An orthodontist is a qualified dentist who has undergone further extensive and specialized postgraduate training of a further three years after they have qualified as a dentist. During their post-graduate training they carry out orthodontic treatment on over 100 patients and have to successfully pass the Royal College of Surgeons examination. This extensive training enables them to provide professional and proficient treatment for their patients.
The teeth and the associated facial structures (lip position, jaw position and profile) are affected by orthodontic treatment. It is important that the orthodontic treatment is planned and properly completed to achieve successful treatment with long-term stability.
At your orthodontic consultation the first step is discussing your concerns with the positions of your teeth, function and appearance. The assessment will analyse all the associated facial features which are supported by your teeth and jaws – profile, lip position. Your teeth will be assessed in three dimensions – the crowding or spacing, the straightness, how they meet (the bite) in addition to a dental assessment. Often an x-ray is required to assess the roots and bone levels of the teeth and jaws to complete a comprehensive examination.
Following the assessment, your orthodontist will be able to discuss your treatment plan:
Before treatment is started, a ‘record’ is needed of how your teeth are before treatment to always have a starting reference point. The record is taken in three ways:
The first steps are the teeth being cleaned by polishing and then applying a gel similar to painting the fingernails. This gel cleans the surface of the teeth to allow the 'adhesive' to attach the brackets to the teeth.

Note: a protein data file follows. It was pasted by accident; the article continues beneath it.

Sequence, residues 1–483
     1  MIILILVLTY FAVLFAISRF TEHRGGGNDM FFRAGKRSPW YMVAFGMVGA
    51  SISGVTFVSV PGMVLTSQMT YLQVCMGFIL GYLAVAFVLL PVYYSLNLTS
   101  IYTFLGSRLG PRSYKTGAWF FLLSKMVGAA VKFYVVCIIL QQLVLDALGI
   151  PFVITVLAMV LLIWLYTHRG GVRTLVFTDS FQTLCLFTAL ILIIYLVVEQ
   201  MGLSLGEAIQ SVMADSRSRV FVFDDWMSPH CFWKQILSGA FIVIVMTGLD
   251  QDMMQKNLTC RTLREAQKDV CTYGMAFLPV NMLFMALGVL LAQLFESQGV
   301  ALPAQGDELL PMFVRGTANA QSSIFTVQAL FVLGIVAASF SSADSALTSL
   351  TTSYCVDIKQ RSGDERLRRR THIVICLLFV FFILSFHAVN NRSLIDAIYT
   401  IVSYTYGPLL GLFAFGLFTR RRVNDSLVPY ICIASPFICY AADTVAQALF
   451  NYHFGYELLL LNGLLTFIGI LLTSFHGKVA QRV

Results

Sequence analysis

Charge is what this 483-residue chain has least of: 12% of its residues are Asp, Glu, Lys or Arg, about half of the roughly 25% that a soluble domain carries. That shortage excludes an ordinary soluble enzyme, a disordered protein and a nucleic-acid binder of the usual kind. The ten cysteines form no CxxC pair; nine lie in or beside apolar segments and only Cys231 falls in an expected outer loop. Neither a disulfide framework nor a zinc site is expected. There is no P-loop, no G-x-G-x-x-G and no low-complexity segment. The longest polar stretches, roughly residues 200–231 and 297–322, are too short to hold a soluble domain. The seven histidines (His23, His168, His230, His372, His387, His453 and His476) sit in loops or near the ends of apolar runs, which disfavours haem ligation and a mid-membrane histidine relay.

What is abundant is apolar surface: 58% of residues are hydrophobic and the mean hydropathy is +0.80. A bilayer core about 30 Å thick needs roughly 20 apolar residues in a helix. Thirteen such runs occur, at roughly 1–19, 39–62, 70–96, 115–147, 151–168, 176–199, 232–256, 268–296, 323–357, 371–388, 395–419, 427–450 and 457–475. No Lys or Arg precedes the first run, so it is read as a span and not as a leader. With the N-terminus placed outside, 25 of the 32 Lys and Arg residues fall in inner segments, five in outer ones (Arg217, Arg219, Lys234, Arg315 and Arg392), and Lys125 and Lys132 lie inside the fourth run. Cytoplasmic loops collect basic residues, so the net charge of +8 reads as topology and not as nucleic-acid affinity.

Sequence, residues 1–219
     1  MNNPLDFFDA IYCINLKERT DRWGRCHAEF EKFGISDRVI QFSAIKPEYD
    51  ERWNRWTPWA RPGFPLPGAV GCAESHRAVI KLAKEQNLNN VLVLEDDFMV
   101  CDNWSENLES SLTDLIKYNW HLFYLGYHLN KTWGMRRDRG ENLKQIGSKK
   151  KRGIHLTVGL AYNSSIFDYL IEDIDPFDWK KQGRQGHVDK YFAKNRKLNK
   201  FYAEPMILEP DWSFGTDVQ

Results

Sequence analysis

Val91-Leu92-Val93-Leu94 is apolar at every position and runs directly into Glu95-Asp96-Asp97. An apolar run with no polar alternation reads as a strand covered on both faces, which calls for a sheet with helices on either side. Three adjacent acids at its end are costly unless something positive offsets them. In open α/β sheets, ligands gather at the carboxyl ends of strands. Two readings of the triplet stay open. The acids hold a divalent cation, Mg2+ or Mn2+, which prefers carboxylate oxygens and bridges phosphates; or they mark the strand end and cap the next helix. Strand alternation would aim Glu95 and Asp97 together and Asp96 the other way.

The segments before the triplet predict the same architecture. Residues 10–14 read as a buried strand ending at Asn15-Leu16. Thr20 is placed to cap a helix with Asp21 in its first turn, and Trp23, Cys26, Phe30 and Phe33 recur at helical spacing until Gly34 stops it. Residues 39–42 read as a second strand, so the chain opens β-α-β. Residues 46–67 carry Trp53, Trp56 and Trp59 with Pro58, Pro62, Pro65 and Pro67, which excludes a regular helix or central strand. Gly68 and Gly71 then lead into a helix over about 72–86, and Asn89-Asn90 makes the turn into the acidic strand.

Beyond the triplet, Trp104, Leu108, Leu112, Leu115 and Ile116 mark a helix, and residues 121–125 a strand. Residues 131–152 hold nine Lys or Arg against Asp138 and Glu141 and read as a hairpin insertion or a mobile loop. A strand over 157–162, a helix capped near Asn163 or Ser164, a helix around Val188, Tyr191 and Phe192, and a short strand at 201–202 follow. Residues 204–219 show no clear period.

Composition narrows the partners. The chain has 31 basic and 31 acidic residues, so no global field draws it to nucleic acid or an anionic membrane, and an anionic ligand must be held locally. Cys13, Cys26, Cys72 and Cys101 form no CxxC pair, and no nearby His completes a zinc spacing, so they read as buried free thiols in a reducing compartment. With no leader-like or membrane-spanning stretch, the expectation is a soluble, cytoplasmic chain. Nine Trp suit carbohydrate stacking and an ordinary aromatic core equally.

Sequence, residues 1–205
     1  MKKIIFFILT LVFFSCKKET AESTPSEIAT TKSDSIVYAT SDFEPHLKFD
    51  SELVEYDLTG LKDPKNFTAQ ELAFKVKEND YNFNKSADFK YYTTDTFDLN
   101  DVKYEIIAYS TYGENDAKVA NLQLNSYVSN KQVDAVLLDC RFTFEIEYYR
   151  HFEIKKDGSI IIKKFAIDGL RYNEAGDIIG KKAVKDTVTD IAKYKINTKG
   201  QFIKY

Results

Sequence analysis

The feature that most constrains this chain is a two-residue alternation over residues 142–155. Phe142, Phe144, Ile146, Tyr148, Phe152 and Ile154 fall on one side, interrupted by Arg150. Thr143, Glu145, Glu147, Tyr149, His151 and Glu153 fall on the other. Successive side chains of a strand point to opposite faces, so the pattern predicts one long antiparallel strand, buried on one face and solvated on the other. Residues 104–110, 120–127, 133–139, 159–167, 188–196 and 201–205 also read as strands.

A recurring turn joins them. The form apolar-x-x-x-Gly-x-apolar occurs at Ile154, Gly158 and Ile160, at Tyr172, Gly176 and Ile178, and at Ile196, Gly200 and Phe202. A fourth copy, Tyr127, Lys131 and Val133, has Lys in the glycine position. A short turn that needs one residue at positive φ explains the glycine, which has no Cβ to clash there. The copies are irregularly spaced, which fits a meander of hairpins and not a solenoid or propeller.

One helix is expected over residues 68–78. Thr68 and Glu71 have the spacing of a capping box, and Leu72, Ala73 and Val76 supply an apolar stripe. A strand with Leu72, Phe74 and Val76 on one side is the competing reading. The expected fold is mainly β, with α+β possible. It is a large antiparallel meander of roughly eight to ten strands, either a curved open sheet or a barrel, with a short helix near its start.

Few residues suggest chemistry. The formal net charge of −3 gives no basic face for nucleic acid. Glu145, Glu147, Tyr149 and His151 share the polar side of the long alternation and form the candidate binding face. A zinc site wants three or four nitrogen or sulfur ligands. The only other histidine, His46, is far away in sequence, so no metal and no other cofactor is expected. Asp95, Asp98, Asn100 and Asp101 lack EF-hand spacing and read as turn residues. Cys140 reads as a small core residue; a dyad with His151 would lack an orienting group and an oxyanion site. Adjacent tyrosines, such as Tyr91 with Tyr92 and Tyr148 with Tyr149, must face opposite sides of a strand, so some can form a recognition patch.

Then there are two ways in which braces can be fitted
The majority of cases, each bracket is individually attached to each tooth, and the adhesive is 'set' by the blue light. The first initial wire is then attached to each tooth by being tied onto the bracket.
There are some types of braces where the brackets are already set up in a special tray which is then inserted. Once the brackets are attached and 'set', the tray is removed leaving just the brackets – Lingual Braces
The initial wires are very light and flexible. They have a shape memory effect which means however the wires are deformed they want to return to their original shape. As the wire returns to its original shape, it moves the tooth along with it.
Throughout your treatment, you will be reviewed every 6-8 weeks to adjust the brace. As the teeth straighten, the wires are changed from the initial light flexible wires to progressively stronger wires. The stronger wires are less flexible and are able to start moving the roots into the right positions. Fixed braces work very well and are able to move your teeth into the correct positions as your teeth and roots are moved.
Orthodontic treatment should only apply light amount of pressure to move the teeth. Therefore the teeth move in small increments over a period of time, to reduce the risk of any possible root complications. Also once the teeth are straight, it is important that the roots which anchor your teeth are also in the correct positions. During this stage of treatment, often you will not notice visible changes but is a crucial stage of treatment.